Professional Courtesy: 6 Years and a Whole Lot of Humble Pie by Dr. Thomas Giacobbi

Professional Courtesy: 6 Years and a Whole Lot of Humble Pie

by Thomas Giacobbi, DDS, FAGD, editorial director

In preparation for this special edition of Dentaltown, I thought about the most meaningful advice I could share after 27 years of practicing dentistry. That sparked a memory of one of the best bad dental jokes for times when something doesn’t go to plan: You can tell your patient, “They call it practice for a reason.”

There is a shred of truth in that joke: The dental profession is one in which experience has tremendous value. The time spent in practice has a compounding effect on your speed, decision-making and clinical success.

In his book Outliers: The Story of Success, Malcolm Gladwell presents the concept that one can achieve true expertise by practicing a particular skill for at least 10,000 hours. If you apply this concept to practicing full time in dentistry (40 hours/week, 50 weeks/year), you will need to work five years to reach 10,000 hours.

Most dentists work fewer hours than that, so let’s peg the goal at six years. When young dentists ask when they’ll get faster, better or when will things get easier … the best answer is “about six years after you graduate.”

The other great teacher in this profession is a big, fat slice of humble pie. You’ll experience this more than once in your life. The important lesson is to know when your pie is ready to be served. Many times, dentists get themselves into trouble because they couldn’t recognize they were in over their heads or were unwilling to admit they didn’t know what to do. A story from the early days of my career illustrates this point.

I opened my practice from scratch after completing a GPR and working as an associate in a few different practices. I had achieved my 10,000 hours, and my previous experiences helped me determine what I wanted in a practice of my own.

As many of you will see, when you first start as an associate or you start a practice from scratch, things are slow. You will be ready and willing to do any reasonable procedure that walks through the door if the alternative is staring at the wall. In the early days of my scratch start, we might see only a few patients the entire day, so I was happy to do a root canal or extraction when needed.

On a particular Friday afternoon, I had decided to tackle the extraction of #3 on a patient who was in some pain from a badly decayed tooth. The procedure started well, with good local anesthesia and progress on the extraction. However, the decayed tooth broke unfavorably, and the difficulty level started to climb. At one point, I was struggling with that last bit of root. This procedure had taken longer than I wanted and become more difficult than I had expected.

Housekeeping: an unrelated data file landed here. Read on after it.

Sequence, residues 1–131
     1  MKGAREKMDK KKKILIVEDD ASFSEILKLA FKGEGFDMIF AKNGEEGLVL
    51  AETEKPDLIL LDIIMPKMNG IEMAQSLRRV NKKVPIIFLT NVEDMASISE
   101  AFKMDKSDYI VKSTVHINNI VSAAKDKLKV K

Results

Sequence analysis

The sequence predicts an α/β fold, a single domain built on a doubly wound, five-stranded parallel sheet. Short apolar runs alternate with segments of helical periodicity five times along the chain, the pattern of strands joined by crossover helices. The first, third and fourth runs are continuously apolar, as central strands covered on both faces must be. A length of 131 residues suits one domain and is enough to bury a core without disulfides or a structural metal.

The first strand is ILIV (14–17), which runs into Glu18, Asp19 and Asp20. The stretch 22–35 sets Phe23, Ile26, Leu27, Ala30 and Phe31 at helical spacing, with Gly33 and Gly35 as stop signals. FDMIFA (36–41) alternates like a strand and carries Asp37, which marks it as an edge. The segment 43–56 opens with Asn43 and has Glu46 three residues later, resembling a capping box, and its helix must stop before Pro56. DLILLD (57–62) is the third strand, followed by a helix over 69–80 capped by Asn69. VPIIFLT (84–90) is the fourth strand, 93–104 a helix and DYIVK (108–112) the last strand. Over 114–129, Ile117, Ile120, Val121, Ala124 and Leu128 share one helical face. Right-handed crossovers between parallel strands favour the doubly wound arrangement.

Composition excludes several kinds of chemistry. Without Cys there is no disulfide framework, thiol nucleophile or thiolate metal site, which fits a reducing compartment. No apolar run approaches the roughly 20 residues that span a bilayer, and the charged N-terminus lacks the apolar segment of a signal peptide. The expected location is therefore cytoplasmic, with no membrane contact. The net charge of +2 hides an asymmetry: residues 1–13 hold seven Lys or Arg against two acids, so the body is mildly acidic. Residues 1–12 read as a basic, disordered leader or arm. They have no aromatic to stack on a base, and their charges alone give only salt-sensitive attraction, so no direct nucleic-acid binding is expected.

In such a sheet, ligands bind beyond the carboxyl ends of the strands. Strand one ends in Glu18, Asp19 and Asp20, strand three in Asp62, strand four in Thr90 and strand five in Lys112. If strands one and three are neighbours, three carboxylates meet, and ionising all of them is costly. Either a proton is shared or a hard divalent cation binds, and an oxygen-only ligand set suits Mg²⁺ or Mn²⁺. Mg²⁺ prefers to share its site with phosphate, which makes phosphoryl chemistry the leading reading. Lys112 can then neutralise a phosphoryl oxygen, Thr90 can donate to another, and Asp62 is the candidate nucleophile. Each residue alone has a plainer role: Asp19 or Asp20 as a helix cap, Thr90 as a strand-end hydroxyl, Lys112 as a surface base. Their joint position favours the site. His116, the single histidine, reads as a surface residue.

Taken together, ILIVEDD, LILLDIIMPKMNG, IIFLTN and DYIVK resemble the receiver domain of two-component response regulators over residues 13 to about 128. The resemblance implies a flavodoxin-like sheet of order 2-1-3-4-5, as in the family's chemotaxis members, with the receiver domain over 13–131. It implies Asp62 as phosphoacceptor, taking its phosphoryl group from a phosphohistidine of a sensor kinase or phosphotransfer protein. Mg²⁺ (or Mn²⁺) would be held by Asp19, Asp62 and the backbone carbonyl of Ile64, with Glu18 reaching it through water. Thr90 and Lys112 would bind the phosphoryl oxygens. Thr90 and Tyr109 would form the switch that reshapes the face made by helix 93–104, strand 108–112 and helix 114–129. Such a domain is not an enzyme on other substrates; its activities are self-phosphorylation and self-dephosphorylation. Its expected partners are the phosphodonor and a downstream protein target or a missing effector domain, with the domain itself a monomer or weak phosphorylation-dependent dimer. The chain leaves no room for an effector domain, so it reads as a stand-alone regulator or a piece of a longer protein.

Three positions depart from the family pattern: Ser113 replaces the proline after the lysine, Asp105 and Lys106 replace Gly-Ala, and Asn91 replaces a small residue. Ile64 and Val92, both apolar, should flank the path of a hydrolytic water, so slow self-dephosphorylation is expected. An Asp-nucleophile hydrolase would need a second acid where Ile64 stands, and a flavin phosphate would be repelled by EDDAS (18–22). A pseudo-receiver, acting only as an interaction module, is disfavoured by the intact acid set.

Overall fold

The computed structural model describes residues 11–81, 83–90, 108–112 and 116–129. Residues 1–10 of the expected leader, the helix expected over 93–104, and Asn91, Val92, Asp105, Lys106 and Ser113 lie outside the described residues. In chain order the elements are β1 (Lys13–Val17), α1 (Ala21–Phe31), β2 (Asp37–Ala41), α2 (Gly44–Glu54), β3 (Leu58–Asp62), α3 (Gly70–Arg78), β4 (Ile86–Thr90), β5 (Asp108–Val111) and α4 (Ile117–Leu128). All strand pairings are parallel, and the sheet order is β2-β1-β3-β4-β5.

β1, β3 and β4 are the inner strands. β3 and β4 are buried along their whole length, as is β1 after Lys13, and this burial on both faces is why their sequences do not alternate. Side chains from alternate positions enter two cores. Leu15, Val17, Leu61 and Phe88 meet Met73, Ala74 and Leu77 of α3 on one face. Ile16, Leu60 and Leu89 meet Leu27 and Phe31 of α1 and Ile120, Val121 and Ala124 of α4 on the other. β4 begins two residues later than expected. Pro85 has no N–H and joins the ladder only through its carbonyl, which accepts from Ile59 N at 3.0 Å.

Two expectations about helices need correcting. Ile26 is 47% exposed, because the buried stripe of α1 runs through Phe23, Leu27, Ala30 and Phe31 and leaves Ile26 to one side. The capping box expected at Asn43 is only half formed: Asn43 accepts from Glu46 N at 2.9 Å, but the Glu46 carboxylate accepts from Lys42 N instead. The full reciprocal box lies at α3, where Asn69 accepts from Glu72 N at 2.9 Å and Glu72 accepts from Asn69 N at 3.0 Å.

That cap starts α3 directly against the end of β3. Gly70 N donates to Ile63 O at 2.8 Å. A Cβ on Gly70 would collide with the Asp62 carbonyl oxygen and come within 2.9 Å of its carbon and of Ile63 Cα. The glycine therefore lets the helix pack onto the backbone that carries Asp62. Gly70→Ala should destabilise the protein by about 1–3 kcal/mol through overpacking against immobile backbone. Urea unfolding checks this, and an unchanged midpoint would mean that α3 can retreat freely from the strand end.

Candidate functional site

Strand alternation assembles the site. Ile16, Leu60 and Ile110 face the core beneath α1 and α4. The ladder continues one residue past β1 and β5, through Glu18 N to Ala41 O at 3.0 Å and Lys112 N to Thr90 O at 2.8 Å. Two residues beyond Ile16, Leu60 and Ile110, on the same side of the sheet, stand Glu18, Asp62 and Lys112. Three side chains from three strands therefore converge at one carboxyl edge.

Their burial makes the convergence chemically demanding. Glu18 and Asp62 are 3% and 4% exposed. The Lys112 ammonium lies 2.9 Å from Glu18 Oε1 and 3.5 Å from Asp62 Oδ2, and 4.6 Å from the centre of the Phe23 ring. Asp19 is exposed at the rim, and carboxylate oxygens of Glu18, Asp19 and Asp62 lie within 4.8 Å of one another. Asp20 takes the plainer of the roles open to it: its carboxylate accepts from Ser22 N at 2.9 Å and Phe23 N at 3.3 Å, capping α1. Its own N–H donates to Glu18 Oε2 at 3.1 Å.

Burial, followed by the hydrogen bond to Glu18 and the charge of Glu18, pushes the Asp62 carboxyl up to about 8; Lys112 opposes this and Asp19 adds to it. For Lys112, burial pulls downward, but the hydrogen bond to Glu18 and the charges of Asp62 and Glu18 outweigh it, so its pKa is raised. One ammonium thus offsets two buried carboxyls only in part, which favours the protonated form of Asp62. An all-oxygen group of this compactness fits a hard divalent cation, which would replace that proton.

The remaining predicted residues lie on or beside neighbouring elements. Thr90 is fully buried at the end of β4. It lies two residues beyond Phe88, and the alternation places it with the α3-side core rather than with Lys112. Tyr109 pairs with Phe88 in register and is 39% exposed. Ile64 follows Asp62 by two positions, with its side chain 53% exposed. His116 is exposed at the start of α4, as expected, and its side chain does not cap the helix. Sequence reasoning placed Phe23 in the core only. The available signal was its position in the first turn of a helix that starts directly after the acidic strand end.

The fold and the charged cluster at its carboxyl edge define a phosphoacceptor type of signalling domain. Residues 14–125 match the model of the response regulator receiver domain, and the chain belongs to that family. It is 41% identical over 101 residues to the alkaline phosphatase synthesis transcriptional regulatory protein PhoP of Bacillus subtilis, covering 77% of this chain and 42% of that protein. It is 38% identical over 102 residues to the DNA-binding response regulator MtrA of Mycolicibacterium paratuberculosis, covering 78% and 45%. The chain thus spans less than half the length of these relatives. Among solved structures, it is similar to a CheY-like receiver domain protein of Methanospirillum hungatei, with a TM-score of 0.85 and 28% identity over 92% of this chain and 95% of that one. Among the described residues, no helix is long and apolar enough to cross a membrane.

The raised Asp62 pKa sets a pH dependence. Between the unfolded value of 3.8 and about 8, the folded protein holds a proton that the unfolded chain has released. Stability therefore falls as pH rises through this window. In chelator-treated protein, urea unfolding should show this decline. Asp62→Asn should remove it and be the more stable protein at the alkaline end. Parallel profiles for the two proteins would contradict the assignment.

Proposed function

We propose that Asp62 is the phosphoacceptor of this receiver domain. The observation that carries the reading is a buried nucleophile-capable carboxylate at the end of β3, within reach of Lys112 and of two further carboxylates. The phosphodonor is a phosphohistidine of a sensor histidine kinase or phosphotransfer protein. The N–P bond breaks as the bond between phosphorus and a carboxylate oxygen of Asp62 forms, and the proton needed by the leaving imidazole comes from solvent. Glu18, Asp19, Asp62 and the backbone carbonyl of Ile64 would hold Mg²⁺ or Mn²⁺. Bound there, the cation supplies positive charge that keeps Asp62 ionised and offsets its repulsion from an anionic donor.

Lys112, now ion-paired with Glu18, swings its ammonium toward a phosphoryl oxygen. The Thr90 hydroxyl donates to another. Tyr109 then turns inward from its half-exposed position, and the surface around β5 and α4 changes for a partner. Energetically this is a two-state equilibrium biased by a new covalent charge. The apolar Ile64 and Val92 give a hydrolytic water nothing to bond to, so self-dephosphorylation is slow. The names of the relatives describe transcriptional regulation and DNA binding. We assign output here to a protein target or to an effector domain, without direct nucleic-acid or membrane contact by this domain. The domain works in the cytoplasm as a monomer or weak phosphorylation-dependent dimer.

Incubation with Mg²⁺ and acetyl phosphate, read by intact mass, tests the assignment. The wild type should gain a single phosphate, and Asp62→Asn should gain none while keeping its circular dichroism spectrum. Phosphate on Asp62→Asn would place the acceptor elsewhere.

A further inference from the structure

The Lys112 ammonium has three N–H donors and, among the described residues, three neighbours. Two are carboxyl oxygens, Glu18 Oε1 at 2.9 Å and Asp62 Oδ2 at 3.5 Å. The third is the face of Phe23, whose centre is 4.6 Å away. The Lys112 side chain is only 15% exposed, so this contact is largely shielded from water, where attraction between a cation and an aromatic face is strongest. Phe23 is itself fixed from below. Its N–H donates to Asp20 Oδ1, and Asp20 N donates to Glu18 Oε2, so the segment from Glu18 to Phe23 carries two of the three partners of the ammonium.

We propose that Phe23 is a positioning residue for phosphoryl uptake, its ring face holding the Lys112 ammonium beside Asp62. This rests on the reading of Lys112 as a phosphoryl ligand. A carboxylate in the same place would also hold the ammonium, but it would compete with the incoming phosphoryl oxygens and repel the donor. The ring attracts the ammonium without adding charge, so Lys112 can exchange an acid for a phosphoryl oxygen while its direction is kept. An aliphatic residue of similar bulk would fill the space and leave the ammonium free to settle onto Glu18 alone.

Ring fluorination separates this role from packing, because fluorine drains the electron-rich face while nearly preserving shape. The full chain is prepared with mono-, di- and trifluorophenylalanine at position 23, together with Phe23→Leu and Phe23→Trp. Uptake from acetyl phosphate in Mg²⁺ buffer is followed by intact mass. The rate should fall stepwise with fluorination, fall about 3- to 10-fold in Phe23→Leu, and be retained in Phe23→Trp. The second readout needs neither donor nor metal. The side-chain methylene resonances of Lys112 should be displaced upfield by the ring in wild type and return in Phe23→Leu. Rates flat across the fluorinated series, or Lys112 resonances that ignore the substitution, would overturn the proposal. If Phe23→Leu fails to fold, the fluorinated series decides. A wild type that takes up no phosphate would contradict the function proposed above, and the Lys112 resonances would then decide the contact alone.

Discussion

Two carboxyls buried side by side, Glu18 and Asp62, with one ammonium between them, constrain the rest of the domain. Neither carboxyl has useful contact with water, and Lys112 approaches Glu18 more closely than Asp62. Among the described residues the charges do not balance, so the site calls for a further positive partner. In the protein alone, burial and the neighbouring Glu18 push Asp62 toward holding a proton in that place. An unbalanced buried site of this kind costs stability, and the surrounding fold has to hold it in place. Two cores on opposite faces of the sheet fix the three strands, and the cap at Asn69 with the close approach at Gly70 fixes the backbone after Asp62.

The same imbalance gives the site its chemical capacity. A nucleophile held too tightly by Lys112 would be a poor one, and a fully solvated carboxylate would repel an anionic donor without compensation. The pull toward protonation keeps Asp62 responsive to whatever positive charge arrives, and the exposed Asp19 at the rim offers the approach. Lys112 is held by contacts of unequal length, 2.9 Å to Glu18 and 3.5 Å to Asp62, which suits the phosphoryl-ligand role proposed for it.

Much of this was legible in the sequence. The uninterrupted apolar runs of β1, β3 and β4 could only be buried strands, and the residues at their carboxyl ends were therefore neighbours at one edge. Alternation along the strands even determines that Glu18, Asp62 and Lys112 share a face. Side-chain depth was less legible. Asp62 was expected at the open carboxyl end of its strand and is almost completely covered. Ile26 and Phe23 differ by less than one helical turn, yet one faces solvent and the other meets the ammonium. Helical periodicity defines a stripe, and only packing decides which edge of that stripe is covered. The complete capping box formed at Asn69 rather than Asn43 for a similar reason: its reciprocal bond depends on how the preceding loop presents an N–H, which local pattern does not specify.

The voice in my head said, “Danger! If you do this next bit wrong, you may wish you hadn’t done it at all.” I had to be careful of the sinus—losing a root tip in the sinus would be a terrible thing. I stopped to collect myself, and had the assistant take an X-ray to assess the situation while I went down the hall to my office and made a humbling phone call to the oral surgeon up the street.

I told him I was stuck and needed help. He told me to send the patient right over and he would be happy to have a look. I knew my patient was the last thing he needed in his busy day, but deep down I knew it was the best decision. I went back to the patient and explained that the procedure was not done but I didn’t feel it would be wise for me to press on. I told him I had a colleague up the road ready to see him that day.

The patient appreciated my candor and went to the oral surgeon to have the extraction finished. I called my patient later that evening and he was very appreciative of the referral and my desire to make sure it was done right.

There are many lessons I took from that experience. First, be humble and honest with your patients about your abilities and expectations. Second, while you can’t predict everything that might go wrong, you can always have a backup plan to address complications. Third, specialists are there to do the things outside of your comfort zone.

The beauty of practicing dentistry is the ability to define your comfort zone and to change that definition over time. You will have more than one slice of humble pie in your career and it will go down easier if you leave room for the lessons learned.

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